The Astro-Zombies (1968)

The Astro-Zombies is one of those Z-grade efforts where you can tell the producers had a bunch of props and sets left over from previous productions and wrote a script based around them. Therefore, the film makes absolutely no sense, and ends up throwing everything but the kitchen sink at the audience. We are left with a story involving mad scientist Dr. DeMarco (John Carradine) and his hunchback lab assistant who are attempting to create an army of ‘astro zombies’, superhuman beings whose actual purpose is sketchy. After one is loosed and goes on a killing spree, the CIA (led by a clearly sozzled Wendell Corey, who died due to his alcoholism shortly after filming) and a spy ring led by the great Tura Satana become interested.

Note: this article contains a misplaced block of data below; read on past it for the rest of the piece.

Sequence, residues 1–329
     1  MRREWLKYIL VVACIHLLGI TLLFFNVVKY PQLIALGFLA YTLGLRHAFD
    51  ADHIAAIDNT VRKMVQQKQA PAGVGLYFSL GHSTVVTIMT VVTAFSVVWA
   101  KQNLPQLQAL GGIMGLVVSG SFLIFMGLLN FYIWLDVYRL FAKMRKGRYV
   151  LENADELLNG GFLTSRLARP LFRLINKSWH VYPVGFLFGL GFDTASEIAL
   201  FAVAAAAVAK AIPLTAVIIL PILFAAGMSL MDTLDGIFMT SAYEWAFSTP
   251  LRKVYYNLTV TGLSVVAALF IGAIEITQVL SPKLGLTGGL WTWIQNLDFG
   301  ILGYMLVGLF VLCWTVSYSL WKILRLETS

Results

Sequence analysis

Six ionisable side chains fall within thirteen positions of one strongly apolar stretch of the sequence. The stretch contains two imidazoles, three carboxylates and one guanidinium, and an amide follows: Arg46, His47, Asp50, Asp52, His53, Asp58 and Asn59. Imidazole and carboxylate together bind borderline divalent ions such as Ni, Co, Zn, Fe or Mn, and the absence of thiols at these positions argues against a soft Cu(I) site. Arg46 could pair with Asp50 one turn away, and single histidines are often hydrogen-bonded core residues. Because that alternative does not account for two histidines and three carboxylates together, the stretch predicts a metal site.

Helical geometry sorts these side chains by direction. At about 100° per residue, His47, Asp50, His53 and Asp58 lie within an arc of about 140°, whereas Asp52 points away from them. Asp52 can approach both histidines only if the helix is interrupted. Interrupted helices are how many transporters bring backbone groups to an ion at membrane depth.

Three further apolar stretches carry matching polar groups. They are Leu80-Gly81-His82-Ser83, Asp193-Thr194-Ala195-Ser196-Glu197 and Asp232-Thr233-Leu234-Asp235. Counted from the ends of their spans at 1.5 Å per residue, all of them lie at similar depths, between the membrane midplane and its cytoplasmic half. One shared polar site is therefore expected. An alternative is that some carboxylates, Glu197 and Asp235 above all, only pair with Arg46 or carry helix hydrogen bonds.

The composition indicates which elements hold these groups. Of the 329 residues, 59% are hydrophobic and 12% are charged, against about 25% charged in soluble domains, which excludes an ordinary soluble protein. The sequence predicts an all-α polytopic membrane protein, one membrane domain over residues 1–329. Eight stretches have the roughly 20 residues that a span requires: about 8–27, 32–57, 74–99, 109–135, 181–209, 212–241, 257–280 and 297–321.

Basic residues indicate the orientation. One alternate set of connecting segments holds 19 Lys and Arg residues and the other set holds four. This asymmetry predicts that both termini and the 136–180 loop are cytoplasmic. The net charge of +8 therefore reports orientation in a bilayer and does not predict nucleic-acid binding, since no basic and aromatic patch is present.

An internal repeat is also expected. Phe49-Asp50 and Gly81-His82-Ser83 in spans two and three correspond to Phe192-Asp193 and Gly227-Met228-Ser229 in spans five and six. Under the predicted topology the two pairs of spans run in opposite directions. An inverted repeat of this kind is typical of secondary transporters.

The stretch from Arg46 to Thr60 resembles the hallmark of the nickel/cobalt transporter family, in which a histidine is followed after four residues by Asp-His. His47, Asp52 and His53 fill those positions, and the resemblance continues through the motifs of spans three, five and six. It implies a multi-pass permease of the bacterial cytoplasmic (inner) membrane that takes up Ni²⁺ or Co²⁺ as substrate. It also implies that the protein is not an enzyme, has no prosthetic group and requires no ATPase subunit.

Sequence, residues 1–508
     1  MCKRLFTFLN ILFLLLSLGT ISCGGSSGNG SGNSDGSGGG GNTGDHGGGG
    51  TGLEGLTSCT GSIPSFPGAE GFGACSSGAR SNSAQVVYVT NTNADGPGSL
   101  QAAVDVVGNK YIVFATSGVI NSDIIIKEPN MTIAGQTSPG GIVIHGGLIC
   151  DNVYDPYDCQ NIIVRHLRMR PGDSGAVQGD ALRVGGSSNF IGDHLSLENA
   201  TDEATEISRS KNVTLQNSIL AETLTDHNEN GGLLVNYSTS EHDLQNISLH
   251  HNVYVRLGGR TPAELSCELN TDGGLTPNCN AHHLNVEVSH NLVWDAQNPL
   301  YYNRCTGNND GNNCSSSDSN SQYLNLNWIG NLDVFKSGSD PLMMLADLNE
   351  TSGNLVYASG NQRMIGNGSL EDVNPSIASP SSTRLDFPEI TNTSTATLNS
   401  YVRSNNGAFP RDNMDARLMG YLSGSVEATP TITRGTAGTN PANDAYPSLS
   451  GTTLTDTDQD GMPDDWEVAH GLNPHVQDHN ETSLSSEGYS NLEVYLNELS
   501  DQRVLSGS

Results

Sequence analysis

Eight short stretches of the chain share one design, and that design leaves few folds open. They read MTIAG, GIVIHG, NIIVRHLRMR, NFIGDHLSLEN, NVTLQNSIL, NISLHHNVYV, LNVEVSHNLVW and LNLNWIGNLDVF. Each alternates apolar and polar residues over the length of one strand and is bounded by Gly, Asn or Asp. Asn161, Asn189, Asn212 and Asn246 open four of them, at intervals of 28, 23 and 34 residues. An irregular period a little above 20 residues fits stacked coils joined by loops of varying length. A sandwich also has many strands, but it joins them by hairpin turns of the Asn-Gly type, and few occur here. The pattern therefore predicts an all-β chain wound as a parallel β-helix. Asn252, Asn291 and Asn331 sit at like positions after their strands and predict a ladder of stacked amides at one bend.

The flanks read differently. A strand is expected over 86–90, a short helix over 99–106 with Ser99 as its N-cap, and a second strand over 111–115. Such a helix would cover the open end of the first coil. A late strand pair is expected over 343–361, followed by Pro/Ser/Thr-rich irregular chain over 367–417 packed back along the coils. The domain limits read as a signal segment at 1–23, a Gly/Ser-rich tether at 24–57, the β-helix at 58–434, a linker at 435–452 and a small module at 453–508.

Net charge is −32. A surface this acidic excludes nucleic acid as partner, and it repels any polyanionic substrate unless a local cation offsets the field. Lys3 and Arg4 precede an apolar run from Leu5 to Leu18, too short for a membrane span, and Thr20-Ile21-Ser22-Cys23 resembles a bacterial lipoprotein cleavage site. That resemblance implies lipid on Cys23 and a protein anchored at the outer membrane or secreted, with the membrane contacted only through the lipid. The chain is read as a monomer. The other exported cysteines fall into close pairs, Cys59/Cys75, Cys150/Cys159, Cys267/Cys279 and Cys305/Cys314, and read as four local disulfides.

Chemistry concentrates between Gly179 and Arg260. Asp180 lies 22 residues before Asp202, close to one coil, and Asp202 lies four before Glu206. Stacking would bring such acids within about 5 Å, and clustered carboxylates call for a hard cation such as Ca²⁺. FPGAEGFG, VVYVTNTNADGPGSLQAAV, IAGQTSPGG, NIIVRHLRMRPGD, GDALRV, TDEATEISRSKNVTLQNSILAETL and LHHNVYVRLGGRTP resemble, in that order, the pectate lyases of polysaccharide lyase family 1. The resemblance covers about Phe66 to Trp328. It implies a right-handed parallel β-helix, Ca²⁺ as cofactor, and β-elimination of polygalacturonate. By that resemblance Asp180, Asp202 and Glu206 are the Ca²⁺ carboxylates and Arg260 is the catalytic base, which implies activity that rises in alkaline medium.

It’s easy to label a film ‘the worst film ever!’, but The Astro Zombies, directed by schlock favourite Ted V. Mikels, truly lives up to its reputation. Carradine, bless him, makes a valiant attempt to make some kind of sense of the plot with some muffled monologues, but I got completely lost in all the drivel. There is the odd moment of camp weirdness such as the wounded astro zombie fleeing with a torch pressed against his head to keep itself alive or a naked exotic dance that serves absolutely no purpose, but it constantly lingers on endless laboratory scenes where literally nothing happens. The zombies themselves are nothing more than a man in a kind of insect/skull/mutant mask, and there’s only really one of them. It’s a truly painful experience that lacks the amusing moments of Mikels’ other ‘works’ such as The Corpse Grinders (1971) and The Doll Squad (1973), that at least made those films bearable. Truly painful stuff that could benefit from a good thirty minutes shaved off the running time.